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Daily Briefing

Deep buzz for the content-deprived

Every weekday, while you get showered and dressed, we pluck these dewy- fresh, breaking stories from the info-clogged byways of the datasphere. Pour yourself a cup of coffee and stoke up on everything you need to know, or at least enough to fake it.

Eulogy For My Drinking Duck
Gene Weingarten, The Washington Post | Eulogy For My Drinking Duck | June 30, 2012

A few weeks ago, I wrote about my Drinking Duck, a $5 novelty item purchased on eBay. He arrived from China on March 20, and I set him in motion on March 24 by pushing his head down into a glass of water and letting go. He took it from there.

He was a serious little fellow who had one job to do, which he did to the very best of his ability, which is all we can ask of anyone...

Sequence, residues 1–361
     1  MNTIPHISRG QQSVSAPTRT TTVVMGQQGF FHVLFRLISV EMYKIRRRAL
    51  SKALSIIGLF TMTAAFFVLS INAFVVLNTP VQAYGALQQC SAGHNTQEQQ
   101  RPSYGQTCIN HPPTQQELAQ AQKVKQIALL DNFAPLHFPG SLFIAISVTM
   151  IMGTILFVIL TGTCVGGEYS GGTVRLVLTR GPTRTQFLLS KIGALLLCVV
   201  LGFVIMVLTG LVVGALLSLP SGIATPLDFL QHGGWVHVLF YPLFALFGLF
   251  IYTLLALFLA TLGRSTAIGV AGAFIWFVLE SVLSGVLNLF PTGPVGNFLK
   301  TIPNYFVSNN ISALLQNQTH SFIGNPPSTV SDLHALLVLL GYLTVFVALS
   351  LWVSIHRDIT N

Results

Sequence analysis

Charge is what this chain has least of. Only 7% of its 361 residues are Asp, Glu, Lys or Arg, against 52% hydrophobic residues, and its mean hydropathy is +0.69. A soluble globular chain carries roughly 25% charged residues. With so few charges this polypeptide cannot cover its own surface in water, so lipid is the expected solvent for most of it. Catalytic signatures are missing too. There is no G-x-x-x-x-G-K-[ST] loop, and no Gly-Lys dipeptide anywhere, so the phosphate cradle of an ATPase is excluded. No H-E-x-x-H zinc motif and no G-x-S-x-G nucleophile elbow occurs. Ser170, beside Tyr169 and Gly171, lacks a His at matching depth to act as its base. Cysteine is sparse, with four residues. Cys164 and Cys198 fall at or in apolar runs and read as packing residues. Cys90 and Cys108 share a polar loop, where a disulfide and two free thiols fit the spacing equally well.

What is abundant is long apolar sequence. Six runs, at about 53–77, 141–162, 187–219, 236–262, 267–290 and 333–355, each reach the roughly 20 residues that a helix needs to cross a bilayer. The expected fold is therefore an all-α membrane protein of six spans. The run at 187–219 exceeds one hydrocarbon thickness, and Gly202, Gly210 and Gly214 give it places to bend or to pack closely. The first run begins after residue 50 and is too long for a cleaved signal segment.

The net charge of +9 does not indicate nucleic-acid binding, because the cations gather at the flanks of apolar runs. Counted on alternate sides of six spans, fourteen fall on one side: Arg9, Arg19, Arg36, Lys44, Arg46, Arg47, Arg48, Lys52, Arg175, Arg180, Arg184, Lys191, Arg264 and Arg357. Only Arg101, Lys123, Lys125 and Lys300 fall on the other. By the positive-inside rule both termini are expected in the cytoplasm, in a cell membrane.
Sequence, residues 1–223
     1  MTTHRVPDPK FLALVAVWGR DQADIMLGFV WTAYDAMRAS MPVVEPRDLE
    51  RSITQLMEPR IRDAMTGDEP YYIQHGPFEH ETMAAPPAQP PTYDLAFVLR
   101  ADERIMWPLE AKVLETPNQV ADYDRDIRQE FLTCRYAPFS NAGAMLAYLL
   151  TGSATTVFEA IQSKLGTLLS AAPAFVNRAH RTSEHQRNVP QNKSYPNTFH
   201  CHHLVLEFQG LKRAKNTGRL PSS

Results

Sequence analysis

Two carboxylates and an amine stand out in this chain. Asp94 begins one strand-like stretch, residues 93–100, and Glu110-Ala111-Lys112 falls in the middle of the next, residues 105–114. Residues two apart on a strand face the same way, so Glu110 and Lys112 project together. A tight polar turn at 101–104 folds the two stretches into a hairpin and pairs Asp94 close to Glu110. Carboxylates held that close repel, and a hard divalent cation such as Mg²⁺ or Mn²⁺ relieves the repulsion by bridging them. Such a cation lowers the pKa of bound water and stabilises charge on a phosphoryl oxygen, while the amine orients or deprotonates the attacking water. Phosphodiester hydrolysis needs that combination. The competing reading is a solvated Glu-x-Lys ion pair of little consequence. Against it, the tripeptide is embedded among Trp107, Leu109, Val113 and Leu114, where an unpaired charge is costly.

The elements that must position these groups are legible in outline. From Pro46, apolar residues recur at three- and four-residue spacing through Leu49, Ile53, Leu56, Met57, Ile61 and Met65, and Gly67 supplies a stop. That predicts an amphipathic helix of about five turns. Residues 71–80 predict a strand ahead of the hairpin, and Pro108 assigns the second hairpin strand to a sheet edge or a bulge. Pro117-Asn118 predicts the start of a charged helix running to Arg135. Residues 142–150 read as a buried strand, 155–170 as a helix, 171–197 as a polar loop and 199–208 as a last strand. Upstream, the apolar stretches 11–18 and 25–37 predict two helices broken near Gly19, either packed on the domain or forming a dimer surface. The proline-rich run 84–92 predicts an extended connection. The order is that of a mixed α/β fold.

Morsi Is Sworn In, Marking A New Stage In Egypt Struggle
David D. Kirkpatrick, The New York Times | Morsi Sworn In, Marking A New Stage In Egypt Struggle | June 30, 2012

Mohamed Morsi of the Muslim Brotherhood was formally sworn in on Saturday as the first democratically elected president of Egypt, marking a new stage in an ever murkier struggle to define the future of the nation after six decades of military-backed autocracy.

Proclaiming “a new Egypt, the second republic,” Mr. Morsi declared, “Today the Egyptian people have established a new life, with real freedom and real democracy.”...

The Truth About the Fast and Furious Scandal
Katherine Eban, Fortune | The Truth About the Fast and Furious Scandal | June 27, 2012

A Fortune investigation reveals that the ATF never intentionally allowed guns to fall into the hands of Mexican drug cartels. How the world came to believe just the opposite is a tale of rivalry, murder, and political bloodlust...

 

That's Just Nino: Scalia's Arizona Dissent
Jeffrey Toobin, The New Yorker | That's Just Nino: Scalia's Arizona Dissent | June 27, 2012